An Ardent is what you get when you want to combine Jean Grey's powers with Storm's NO FUN ALLOWED personality - basically, a psychic Paladin.

I think we can safely say that the only reason they're in the third 4e Player's Handbook is so that there's enough Psionic classes to justify basically giving them their own book, like all those "Like a Fighter, but..." and "Like a Warlock, but..." Primal classes in the second one.

Play StyleEdit

In combat Ardents function as psychic/psionic leaders. In 4e that amounts to a healer/(de)buffer who yells at his teammates to "do better" and "go hit that thing over there," while lightly slapping enemies on the chest to pretend like they're helping. Compared to other Leader classes Ardents appear to be more balanced. While they will never outclass a cleric at healing or a warlord at melee support, their psionic power source (augment-able at-will's) allows any one ardent build to be more versatile than most other class specializations. One should note that Ardents are melee leaders that start with poor armor proficiencies and defenses, making them one of the premier builds for polearms.

Addenda tend to break down into a couple types - striker/leaders with polearms or psionic healers. If oriented towards combat, Ardents work best when behind their teammates poking at enemies with a long stick - most of their arms-wills give buffs or rebuffs to adjacent creatures, but since their defenses are shitty, many Ardents like to hang back and focus on buffing the meatshields in front of them with temp hit points and buffs. On the other hand, Ardents make good healers once they get past 15 or so, when they stop messing around with temporary hit points and start dealing the real stuff. These guys have a daily that gives them another full set of actions, allowing them to daily-drop enough healing to bring a party back from the brink of death.

Flavor-wise, Ardents are psionic power users who were not smart enough to become Psions, and not good enough at fighting to become battleminds. Instead, they figured out they could read/manipulate people's emotions and decided to focus on that. Their mood also manifests in a cloud of colored energy called a Mantle that surrounds them and plays a role in combat. They fight by artificially bolstering allies' confidence and feeding enemies' fears and despair.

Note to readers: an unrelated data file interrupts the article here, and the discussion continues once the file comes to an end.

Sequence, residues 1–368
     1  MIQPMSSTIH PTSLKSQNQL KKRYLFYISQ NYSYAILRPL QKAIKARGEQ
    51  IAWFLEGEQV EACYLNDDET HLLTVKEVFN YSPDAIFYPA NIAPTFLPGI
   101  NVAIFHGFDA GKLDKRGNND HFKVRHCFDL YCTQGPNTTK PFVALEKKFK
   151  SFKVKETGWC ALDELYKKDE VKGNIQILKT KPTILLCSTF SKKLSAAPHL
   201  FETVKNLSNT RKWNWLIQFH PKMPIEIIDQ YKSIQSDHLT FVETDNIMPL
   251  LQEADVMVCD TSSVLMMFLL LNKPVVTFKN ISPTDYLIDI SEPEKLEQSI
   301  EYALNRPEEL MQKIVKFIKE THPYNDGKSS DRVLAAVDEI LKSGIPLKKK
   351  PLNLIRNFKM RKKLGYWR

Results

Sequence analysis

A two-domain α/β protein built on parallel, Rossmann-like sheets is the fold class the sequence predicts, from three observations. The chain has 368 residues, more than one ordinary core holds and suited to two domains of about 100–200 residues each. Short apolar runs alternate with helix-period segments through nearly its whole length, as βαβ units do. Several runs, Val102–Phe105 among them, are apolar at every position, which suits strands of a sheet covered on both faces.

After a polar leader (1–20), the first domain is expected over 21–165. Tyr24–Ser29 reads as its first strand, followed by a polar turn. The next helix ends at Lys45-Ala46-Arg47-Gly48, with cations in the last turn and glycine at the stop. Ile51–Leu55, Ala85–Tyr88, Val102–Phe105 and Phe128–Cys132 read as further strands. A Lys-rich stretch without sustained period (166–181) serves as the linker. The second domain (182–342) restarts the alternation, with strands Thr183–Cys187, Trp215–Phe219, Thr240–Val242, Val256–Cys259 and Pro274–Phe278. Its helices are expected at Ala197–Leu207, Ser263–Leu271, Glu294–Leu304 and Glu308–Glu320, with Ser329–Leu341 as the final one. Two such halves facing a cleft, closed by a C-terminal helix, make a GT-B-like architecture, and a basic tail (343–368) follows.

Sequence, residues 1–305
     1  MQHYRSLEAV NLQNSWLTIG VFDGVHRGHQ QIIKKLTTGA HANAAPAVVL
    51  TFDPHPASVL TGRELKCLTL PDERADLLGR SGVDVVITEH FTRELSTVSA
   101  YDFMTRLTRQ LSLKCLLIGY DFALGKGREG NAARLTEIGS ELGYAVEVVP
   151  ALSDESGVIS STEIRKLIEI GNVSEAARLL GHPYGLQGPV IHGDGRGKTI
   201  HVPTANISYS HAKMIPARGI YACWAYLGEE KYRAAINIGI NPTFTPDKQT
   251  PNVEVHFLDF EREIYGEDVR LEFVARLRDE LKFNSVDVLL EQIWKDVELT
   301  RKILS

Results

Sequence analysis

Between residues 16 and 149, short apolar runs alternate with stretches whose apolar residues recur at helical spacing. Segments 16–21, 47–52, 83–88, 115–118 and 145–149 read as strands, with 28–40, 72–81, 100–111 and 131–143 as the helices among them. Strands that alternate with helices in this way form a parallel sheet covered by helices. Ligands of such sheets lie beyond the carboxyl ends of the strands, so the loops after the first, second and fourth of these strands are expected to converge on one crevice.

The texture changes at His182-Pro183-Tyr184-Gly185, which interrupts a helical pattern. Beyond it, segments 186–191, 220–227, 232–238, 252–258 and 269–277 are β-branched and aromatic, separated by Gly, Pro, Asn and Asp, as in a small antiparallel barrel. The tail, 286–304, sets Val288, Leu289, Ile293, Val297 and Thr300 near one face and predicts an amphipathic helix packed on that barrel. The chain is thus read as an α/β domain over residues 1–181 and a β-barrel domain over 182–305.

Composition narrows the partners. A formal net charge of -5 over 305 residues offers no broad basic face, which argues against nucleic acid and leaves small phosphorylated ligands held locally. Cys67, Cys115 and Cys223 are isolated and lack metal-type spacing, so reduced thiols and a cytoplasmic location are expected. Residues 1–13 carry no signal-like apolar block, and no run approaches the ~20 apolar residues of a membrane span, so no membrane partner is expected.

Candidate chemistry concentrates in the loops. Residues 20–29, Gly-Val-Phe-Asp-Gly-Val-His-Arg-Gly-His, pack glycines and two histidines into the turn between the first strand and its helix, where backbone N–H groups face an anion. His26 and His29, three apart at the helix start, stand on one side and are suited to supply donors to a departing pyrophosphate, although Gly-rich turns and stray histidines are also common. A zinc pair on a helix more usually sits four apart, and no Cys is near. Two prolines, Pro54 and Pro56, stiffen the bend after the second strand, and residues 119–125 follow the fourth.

Role-playing-wise, Ardents are deeply disturbed people who lack any real personality of their own as they are constantly at the whim of the emotional consensus of the room. Crying at random people's funerals, wanting to join in on passing mobs, and getting involved in tavern dances when the party is trying to do something important are trademarks of the ardent class. The PHB3 even has a section dedicated to teaching ardent players how to play the class without annoying everyone else in the party. It is definitely worth pointing out that they display 6 of the necessary 5 signs to be diagnosed with Borderline Personality Disorder [1]

Overall they are one of the better options for a leader class displaying tremendous in-build customization. Provided you can get over the creepiness of having a party member that can read everyone else's emotions. If someone in your party thinks they are a good actor and feels the need to remind everyone of that on a regular basis, they will probably want to play an ardent.

Dungeons & Dragons 4th Edition Classes
Player's Handbook 1: Cleric - Fighter - Paladin - Ranger - Rogue - Warlock - Warlord - Wizard
Player's Handbook 2: Avenger - Barbarian - Bard - Druid - Invoker - Shaman - Sorcerer - Warden
Player's Handbook 3: Ardent - Battlemind - Monk - Psion - Runepriest - Seeker
Heroes of X: Blackguard - Binder - Cavalier - Elementalist - Hexblade - Hunter
Mage - Knight - Protector - Scout - Sentinel - Skald - Slayer - Sha'ir - Thief
Vampire - Warpriest - Witch
Settings Book: Artificer - Bladesinger - Swordmage
Dragon Magazine: Assassin
Others: Paragon Path - Epic Destiny